Tribune columnist is a paid lobbyist
September 29, 2015
By DANIEL BLACKBURN
A regularly-featured columnist for San Luis Obispo County’s daily newspaper, who is a vocal critic of a controversial rail spur project proposed by Phillips 66, is a paid lobbyist for at least two entities poised to benefit financially if the project is eventually denied. Tom Fulks’ Sunday column appears in The Tribune twice monthly.
In his Sept. 27 commentary “Local officials should have the courage to comment on Phillips 66 rail project,” Fulks takes a stand against a Phillips 66 oil-by-rail proposal, then rails against public officials who have chosen to refrain from a decision until environmental reports on the project are finished and presented to the public.
The Tribune column also cites what Fulks calls “spectacular” mishaps of oil trains on the East Coast, and he opines, “You’d think those catastrophes would spur timid local officials into asking serious questions about the pending oil-train project.”
“Fulks is an unpaid freelancer for The Tribune,” said Tribune Executive Editor Sandra Duerr. “Under the terms of his contract, he is required to disclose conflicts of interest. I suggest that you contact Fulks directly.”
Fulks did not respond to phone calls and emails from CalCoastNews and Duerr has not said if Fulks disclosed his apparent conflict of interest before submitting his column.
The former New Times columnist promotes Neste Corp., an oil refining and marketing company located in Espoo, Finland, which has become involved in the domestic biofuel business, according to multiple public documents. Neste touts itself as “the world’s leading supplier of renewable diesel” with “a production focus on premium-quality, lower-emission traffic fuels.”
Fulks also is the West Coast representative of the Diesel Technology Forum, based in Washington, D.C., which describes itself as being “engaged in events throughout the year, ranging from technology displays to speaking engagements to Congressional briefings,” according to public documents.
Both are clients of MightyComm, of which Fulks is president. Both clients are heavily involved in research, development, and promotion of renewable diesel fuel. Both Neste and the Diesel Technology Forum stand to gain financially from the denial of the proposed Phillips 66 project.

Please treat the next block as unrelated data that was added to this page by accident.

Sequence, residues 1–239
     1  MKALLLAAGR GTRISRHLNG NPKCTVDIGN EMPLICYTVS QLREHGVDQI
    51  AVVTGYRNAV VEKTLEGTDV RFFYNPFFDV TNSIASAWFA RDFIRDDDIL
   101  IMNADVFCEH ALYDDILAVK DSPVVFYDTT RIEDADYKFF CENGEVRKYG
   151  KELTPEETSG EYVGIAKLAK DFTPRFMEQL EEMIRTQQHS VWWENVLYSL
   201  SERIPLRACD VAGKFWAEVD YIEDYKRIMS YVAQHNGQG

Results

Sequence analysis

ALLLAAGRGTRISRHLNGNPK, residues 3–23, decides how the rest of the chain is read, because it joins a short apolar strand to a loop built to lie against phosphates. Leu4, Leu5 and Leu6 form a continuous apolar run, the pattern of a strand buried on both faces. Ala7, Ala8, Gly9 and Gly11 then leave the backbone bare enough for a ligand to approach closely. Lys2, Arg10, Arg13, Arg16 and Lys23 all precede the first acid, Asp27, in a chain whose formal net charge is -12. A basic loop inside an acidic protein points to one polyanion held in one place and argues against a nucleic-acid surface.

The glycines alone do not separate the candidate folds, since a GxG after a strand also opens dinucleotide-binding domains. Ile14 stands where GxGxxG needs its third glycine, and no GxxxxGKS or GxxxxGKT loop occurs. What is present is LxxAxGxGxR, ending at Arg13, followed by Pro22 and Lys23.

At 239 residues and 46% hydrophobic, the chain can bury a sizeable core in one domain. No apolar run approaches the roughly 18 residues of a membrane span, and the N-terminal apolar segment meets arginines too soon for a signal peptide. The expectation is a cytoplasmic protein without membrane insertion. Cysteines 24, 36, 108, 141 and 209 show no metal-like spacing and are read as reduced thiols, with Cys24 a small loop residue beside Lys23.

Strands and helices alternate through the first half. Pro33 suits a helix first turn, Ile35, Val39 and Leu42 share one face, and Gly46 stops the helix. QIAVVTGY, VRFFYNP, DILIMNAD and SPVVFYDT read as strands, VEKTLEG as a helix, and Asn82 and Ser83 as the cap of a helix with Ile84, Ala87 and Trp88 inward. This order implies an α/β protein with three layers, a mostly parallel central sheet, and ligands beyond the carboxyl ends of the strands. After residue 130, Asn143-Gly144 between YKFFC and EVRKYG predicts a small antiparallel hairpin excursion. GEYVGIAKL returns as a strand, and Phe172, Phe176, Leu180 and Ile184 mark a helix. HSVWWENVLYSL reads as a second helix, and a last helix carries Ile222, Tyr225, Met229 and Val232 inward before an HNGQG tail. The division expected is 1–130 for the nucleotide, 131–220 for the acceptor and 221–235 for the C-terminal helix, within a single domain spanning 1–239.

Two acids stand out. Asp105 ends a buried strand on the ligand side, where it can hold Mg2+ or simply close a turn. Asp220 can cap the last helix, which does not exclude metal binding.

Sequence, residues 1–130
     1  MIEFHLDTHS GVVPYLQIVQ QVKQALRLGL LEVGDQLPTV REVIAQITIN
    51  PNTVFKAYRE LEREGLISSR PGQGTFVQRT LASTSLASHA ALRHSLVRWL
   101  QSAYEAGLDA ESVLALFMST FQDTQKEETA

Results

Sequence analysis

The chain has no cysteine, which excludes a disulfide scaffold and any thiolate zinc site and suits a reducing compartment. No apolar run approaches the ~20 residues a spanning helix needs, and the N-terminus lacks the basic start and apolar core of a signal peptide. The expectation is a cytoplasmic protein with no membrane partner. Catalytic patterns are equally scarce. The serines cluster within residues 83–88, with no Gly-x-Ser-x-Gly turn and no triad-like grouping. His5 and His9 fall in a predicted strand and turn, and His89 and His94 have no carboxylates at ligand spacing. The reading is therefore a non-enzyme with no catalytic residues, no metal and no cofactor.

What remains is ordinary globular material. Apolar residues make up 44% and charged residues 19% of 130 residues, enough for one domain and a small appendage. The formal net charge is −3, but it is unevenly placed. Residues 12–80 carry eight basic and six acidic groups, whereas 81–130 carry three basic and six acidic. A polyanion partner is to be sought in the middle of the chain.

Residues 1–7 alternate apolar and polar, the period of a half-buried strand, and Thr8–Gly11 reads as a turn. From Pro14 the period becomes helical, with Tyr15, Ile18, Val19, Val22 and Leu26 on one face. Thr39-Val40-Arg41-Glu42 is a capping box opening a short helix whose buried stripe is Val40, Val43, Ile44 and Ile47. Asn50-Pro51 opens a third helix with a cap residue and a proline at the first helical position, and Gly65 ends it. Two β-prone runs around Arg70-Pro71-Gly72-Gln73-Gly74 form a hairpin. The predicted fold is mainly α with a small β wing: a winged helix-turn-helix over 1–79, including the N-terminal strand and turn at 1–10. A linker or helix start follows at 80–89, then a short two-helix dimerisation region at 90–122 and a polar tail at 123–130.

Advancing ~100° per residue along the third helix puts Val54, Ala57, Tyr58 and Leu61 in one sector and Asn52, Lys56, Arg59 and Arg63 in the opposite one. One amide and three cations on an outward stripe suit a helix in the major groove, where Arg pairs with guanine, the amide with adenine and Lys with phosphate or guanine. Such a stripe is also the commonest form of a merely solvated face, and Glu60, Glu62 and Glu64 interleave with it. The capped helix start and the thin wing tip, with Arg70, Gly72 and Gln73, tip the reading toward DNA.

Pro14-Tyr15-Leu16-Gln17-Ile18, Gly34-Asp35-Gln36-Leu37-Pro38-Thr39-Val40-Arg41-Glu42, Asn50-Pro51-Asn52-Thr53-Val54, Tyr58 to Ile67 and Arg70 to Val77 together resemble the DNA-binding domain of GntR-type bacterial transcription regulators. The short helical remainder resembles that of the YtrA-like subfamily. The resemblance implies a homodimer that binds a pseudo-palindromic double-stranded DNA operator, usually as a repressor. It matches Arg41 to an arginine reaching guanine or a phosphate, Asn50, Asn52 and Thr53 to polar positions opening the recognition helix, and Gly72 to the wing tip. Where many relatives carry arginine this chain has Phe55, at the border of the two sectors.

These so-called “advanced biofuels” — produced from raw materials generally considered waste — are in line to become the next power source for heavy transport and machinery currently utilizing fossil fuel-produced diesel.
Phillips 66 presently refines heavy crude oil at its Bay Area facility, after obtaining semi-refined fossil fuel products from the Nipomo Mesa facility via a 200-mile-long pipeline. The company is seeking permits from the county to build a 1.3 mile rail spur so that crude oil currently delivered by pipeline could be transported to the Nipomo Mesa facility by rail.
John Peschong is the other half of The Tribune’s political pundit duo. Peschong, a Republican, is a paid political consultant who said he does not work as a lobbyist. Fulks is a Democrat.
In its January introduction to the pair, The Tribune described Peschong as a public relations professional, and Fulks as a policy advocate “who considers political consulting a ‘side hobby.’”
While political consultants, advocates, and lobbyists are all paid to promote candidates and issues, there are major differences between them. Political consultants and advocates offer advice on a subjects, while lobbyists offer advice and then actively seek to influence policy and government decisions.
Paid advocates who spend at least one-third of their work time in contact with public officials trying to affect policy are required to register as lobbyists with the state’s Fair Political Practices Commission (FPPC). Fulks is not registered as a lobbyist in California, according to Secretary of State Alex Padilla’s website.
On his website, Fulks asserts his goal “is to educate California media, policy makers, opinion leaders, environmental groups and others about the rapid progress of advanced automotive and alternative fuels technology, and where this technology fits into the complex matrix of emissions, climate change, goods movement, land use and energy policy.”
San Luis Obispo County Supervisor Bruce Gibson, who is likely to have a vote on the proposed spur in the future, pays Fulks for his political consulting advice. Gibson has referred to Fulks as “my evil genius in the back room.”
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